Classic Fixed Lens Rangefinders:
Olympus Wide-S

by Karen Nakamura


Overview and Personal Comments

The Olympus Wide-S was a revolutionary camera when it was released in 1957. It was an affordable (¥37,000) rangefinder with a very bright wide-angle lens. In comparison, the Nikon SP released the same year with a 50mm f/1.4 lens kit was ¥98,000.

It was the second revision of the Olympus Wide (1955) which had a very wide 35mm lens, but no rangefinder. Since the Wide had only an f/3.5 lens, you could get away with just scale-focusing. But the Wide-S came with a bright f/2 lens, so it needed a rangefinder. Olympus put in a very nice coupled rangefinder and replaced the Copal leaf shutter with a Seikosha shutter that could reach 1/500 sec.

The Zuiko lens in the Wide-S is incredible. It has 8 elements in 6 groups and is very well corrected. That Olympus put such a nice lens in a consumer camera is a testament to their dedication to optical quality.

I bought my Wide-S at a yard sale in St. Paul in 2003.10. It was the seller's mom, and he was selling it for next to nothing. It came with the original "Tower" everready leather case. The Tower case indicates that it was sold through the Sears Roebuck department store, which used to be a major camera dealer. The camera itself has no markings indicating the relationship with Tower/Sears, although the rangefinder is calibrated in feet.


Interesting quirks

Trivia: The Wide-S stands for "Wide-Super" but it's not marked that way on the body. The 8 element lens is extremely well corrected, but is prone to flare.


Technical Details

Camera Name
Wide Wide-S
Olympus Olympus
Place of Manufacture

Body: Japan
Lens: Japan

Body: Japan
Lens: Japan

Date of Manufacture
1955-57 1957-58
Focusing System

Viewfinder (no rangefinder)
Projected framelines

Coupled rangefinder (~xx mm baselength)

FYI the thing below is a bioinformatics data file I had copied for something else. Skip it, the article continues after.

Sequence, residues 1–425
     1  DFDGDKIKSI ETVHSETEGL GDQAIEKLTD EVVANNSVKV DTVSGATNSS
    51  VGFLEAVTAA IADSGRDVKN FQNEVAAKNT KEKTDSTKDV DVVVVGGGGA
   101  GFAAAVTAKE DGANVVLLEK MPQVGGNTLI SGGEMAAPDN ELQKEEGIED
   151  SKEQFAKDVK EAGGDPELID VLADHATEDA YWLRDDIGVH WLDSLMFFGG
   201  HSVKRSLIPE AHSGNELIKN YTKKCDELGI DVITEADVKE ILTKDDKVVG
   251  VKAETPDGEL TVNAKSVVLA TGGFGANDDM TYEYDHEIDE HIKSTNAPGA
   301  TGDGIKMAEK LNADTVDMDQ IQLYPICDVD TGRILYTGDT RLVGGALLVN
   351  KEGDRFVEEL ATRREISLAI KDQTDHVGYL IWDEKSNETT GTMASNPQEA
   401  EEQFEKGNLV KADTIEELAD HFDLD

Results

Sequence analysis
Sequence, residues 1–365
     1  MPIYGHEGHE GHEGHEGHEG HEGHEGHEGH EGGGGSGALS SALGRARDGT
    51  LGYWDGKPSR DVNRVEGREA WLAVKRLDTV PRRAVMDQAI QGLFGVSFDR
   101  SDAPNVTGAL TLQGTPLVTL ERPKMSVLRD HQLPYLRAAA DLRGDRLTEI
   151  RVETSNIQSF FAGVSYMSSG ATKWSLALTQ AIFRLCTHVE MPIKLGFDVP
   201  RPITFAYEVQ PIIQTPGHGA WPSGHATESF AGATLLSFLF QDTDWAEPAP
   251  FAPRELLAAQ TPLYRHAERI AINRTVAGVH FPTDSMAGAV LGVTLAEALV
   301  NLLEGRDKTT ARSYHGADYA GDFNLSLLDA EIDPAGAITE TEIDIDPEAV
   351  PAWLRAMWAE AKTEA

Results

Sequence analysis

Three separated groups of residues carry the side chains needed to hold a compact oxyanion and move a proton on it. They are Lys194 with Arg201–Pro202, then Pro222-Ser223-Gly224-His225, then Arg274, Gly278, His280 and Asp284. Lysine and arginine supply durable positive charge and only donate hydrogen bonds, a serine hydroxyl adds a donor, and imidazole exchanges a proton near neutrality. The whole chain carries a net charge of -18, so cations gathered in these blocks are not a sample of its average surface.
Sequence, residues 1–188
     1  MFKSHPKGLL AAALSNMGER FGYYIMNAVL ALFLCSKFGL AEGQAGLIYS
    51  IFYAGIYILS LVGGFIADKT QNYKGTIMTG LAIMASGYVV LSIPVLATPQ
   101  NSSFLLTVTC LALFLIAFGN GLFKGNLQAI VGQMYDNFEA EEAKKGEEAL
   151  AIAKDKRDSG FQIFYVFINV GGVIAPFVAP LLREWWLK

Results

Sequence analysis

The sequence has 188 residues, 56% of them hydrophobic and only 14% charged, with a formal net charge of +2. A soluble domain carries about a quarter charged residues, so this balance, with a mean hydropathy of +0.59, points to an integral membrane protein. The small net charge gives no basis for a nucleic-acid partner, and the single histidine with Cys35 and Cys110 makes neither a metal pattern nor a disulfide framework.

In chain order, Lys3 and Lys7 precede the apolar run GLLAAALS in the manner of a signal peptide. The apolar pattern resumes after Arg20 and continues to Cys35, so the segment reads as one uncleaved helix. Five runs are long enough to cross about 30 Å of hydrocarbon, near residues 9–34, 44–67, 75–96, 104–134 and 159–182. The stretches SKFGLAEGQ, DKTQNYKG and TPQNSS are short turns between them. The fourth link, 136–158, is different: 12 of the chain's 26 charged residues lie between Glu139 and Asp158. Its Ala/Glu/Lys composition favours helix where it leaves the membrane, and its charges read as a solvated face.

Approx 0.x x magnification

Fixed Lens

35mm, f/3.5, D.Zuiko-W lens (4 elements in 3 groups)

Minimum focusing distance = 0.7 meters (~2.2 feet)

Left focusing (infinity on left side)

35mm, f/2, H.Zuiko-W lens (8 elements in 6 groups)

Minimum focusing distance = 0.7 meters (~2.2 feet)

Left focusing (infinity on left side)
42mm filter size


Copal-MXV leaf shutter
1 sec ~ 1/300 sec + B
Selftimer+X+M sync

Seikosha SLV leaf shutter
1 sec ~ 1/500 sec + B
self-timer (V) + M & X sync

Metering System




f/3.5-f/16 (1 step stops)

f/2-f/16 (1 step stops)


External cold accessory shoe
PC socket

External cold accessory shoe
PC socket

Film type / speeds

Type 135 (35mm standard) film

Type 135 (35mm standard) film

Battery type
none none
Dimensions and weight
125 x 80 x 60 mm
xx x xx x xx mm
Retail price
¥16,900 (1955) ¥39,000 (1957)


About Olympus

Although people think that Olympus must be a recent company, it actually has very old roots. It was founded in 1919 as "Takachiho Seisakusho" as a manufacturer of optical goods, with its first product being a microscope. In 1921, they released their first "Olympus" brand product. Their first camera came out in 1936, the Semi-Olympus with 75mm f/4.5 Zuiko lens. In 1949, the company changed their name to "Olympus Optical Co." after their main brand. One of their designers Yoshihisa Maitani, is famed for some classic designs:

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